Friday 29 June 2012

Old Salem Museums and Gardens

The Miksch Garden by David Bergstone.  Image from Old Salem Museum & Garden
I have to admit to a penchant for the living museum concept.  You know the ones, where old buildings are preserved, period garden are planted and people in period dress provide interpretation.  One of may favourites in Wales is St Fagans National History Museum, in Holland the Zuiderzee Museum in Enkhuisen is great, as is Bunratty Castle in Eire.

I have a long held and as yet unfilled wish to visit Colonial Williamburg and to the list I need now to add Old Salem Museums and Gardens in Winston-Salem, NC. The museum tells the Moravian story (Moravia is ah historic region in the east of the Czech Republic) and the development of the Wachovia tract in North Carolina, which started with Bethabara and Bethania and eventually included Salem and several other outlying settlements. On the museum's gardens webpage is a quote which appeared in The Carolina Watchman newspaper in 1845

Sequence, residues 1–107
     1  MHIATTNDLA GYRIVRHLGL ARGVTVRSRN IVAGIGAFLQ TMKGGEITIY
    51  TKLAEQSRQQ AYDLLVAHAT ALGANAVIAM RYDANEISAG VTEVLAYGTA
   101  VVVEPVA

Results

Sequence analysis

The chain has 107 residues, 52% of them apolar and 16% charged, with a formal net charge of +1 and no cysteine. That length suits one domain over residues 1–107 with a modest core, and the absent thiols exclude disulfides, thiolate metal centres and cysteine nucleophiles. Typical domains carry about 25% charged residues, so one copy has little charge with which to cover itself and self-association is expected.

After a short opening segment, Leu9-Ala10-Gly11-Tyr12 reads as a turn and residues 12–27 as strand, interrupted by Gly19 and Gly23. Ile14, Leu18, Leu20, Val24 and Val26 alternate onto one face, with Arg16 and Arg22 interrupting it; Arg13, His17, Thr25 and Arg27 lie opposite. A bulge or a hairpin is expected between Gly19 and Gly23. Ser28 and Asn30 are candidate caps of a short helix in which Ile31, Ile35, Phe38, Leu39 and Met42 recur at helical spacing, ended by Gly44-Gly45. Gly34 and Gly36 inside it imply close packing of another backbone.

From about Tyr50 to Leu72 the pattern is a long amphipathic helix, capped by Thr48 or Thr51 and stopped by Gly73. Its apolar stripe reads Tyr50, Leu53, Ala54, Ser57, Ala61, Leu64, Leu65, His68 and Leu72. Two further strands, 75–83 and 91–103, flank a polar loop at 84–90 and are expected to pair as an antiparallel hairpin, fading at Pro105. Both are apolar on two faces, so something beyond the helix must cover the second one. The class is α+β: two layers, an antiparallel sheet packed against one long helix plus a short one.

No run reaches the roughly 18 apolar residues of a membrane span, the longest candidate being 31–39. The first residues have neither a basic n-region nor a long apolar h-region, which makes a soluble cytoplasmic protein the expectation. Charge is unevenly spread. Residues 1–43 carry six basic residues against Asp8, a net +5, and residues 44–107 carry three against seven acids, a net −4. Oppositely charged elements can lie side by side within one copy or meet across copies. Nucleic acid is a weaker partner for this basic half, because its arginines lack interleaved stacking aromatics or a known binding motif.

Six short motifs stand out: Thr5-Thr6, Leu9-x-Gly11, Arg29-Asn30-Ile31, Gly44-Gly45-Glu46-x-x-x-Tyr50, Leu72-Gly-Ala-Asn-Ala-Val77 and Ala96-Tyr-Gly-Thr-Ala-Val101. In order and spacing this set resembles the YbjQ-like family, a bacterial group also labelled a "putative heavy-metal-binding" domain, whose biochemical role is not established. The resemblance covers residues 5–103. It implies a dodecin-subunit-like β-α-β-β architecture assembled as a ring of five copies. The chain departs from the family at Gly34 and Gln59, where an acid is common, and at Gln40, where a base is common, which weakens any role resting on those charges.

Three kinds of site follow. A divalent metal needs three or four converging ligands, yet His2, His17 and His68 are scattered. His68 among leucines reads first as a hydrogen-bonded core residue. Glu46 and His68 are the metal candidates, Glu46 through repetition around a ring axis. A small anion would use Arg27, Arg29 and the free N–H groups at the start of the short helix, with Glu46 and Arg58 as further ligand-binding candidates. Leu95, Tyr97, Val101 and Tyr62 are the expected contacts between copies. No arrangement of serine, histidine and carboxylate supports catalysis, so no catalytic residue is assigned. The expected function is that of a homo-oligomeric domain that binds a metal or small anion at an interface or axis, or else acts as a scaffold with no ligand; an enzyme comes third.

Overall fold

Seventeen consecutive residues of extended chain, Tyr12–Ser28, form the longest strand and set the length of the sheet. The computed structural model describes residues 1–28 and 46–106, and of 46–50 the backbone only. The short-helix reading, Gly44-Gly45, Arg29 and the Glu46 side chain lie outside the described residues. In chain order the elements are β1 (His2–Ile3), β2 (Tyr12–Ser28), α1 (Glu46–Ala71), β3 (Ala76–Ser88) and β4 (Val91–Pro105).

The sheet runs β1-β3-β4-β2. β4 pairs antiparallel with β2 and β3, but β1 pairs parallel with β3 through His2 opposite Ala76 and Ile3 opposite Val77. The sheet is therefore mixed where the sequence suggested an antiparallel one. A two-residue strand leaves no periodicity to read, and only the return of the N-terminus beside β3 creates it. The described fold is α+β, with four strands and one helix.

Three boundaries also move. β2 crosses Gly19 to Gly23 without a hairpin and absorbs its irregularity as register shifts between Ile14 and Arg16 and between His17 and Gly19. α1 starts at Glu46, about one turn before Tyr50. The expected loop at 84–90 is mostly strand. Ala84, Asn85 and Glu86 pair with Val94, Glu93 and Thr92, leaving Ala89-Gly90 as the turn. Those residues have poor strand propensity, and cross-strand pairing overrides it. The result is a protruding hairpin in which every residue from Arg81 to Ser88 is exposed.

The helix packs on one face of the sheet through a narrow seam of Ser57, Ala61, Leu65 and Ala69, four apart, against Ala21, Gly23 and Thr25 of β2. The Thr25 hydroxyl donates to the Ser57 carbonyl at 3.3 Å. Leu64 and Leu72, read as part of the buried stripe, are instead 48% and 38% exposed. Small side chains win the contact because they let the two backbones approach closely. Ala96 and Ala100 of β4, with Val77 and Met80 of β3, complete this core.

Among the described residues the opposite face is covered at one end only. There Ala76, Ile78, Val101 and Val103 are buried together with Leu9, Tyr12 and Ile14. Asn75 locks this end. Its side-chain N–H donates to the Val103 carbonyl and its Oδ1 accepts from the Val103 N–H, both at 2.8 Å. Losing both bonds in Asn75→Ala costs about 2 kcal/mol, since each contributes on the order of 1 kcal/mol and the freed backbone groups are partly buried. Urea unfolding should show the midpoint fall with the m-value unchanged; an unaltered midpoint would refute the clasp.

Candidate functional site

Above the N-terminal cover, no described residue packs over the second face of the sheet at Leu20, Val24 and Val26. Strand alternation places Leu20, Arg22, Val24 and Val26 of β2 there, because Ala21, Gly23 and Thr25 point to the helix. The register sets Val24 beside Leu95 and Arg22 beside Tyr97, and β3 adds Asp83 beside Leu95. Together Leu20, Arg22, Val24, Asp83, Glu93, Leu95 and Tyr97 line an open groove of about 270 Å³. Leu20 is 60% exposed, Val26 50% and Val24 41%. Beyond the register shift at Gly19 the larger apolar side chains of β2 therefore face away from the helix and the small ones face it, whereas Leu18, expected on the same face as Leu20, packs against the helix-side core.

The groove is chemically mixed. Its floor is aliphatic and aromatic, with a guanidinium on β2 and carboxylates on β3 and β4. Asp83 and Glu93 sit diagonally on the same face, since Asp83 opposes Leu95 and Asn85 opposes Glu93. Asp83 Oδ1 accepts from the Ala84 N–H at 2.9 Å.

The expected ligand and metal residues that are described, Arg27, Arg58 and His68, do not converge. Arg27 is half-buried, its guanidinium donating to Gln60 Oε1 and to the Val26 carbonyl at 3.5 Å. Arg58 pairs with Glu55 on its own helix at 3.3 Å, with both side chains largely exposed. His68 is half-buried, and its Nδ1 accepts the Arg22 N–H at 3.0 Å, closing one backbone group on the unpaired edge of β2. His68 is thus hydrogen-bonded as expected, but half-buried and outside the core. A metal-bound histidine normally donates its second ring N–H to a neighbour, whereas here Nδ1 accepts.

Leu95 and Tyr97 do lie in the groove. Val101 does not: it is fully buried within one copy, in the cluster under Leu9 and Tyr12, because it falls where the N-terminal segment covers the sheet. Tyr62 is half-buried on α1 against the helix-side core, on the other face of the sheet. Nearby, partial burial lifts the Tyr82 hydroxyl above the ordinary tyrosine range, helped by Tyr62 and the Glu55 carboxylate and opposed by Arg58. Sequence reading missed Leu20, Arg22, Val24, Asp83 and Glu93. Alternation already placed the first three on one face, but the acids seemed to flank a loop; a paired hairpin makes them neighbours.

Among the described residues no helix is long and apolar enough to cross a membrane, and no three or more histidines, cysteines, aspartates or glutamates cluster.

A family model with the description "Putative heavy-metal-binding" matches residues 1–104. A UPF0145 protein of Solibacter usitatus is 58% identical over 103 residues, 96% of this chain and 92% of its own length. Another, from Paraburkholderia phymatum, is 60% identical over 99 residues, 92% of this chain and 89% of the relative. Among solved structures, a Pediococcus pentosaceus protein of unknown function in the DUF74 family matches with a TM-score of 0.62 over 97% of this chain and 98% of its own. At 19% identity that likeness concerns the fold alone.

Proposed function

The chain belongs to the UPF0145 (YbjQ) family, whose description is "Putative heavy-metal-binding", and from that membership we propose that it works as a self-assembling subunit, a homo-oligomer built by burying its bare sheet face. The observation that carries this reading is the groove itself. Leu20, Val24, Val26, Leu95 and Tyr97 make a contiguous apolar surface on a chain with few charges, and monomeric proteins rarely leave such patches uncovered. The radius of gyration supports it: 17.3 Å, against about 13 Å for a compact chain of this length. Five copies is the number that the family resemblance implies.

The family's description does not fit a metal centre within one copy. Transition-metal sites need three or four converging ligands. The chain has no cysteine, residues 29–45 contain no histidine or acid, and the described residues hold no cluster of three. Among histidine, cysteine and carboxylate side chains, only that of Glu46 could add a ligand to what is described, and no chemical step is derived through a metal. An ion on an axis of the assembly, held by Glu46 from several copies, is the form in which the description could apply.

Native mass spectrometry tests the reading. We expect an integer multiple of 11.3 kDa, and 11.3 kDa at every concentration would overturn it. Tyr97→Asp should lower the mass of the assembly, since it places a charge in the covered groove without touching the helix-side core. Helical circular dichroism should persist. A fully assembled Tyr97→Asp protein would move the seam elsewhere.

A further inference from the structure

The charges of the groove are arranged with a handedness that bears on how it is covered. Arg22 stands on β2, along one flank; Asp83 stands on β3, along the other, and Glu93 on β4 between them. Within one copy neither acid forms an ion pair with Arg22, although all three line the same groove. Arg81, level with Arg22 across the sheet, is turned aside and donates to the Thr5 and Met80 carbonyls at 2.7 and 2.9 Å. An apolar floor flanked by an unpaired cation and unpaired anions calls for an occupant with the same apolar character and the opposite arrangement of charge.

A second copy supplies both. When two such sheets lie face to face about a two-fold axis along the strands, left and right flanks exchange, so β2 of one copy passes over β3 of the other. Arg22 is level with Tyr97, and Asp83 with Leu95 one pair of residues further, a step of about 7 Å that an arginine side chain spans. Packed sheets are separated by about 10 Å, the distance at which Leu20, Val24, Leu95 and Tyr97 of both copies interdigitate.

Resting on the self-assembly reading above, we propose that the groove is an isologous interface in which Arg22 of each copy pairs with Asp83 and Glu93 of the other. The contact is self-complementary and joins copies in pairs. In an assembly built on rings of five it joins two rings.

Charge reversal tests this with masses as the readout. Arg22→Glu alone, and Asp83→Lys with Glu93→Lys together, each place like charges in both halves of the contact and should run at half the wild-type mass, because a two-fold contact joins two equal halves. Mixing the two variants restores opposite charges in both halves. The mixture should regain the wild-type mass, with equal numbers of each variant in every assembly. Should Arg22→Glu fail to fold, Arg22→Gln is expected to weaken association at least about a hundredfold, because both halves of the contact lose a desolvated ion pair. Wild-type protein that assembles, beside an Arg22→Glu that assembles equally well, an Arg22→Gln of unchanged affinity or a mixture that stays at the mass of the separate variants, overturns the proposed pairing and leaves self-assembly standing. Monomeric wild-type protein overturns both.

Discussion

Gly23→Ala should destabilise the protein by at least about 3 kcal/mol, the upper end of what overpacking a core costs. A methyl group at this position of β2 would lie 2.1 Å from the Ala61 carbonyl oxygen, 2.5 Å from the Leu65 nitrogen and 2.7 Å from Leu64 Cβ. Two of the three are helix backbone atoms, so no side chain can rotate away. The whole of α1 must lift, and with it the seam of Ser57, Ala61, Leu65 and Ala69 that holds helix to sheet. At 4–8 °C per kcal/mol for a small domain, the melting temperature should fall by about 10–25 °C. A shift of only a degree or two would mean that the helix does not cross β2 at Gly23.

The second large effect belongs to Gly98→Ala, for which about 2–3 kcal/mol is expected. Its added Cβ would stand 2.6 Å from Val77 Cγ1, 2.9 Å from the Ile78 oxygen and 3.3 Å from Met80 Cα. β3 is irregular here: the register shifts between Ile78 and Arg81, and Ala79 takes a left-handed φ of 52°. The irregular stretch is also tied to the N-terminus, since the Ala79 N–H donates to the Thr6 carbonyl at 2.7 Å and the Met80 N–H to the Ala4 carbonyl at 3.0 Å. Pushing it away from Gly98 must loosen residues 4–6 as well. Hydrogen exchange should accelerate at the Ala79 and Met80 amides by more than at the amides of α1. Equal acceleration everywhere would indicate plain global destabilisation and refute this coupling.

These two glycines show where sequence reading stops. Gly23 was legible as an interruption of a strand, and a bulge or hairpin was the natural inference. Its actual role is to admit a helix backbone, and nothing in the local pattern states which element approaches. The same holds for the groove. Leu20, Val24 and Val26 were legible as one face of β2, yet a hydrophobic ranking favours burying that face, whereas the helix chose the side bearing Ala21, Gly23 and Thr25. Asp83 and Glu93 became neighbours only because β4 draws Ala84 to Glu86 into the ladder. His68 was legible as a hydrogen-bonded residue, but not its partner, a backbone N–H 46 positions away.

, describing Salem's gardens:

   'Its style and manners (are) very city-like and no place of the same size contains as many plants and flowers.  In every window, yard, and garden you behold them and some of very beautiful and rare order.  If a great fancy for flowers argues a corresponding taste for all that’s beautiful and lovely, then the people of Salem are unsurpassed.'

Gardens were clearly an important part of life in Salem and The Winston-Salem Journal has a interesting piece examining the garden of the museum's Miksch House  - as it was gardened both by Matthew Miksch in the mid-18th century and its historic gardener today, Chet Tomlinson. To quote the Museum website, the garden which belonged to the first privately-owned house in Salme (1771):  

    'today is planted with an array of vegetables the family would have needed. Pear trees are espaliered along fences with peach and apple trees at lot edges, and border beds are planted with a variety of herbs and flowers, inspired by the 1761 list of Hortus Medicus the Medical Garden in Bethabara, the first Moravian settlement in Wachovia. This early plant list and plan provide detailed information about medicinal and culinary herbs favored by the Moravians.'

And, of course, central to the  garden is the use of heirloom varieties.

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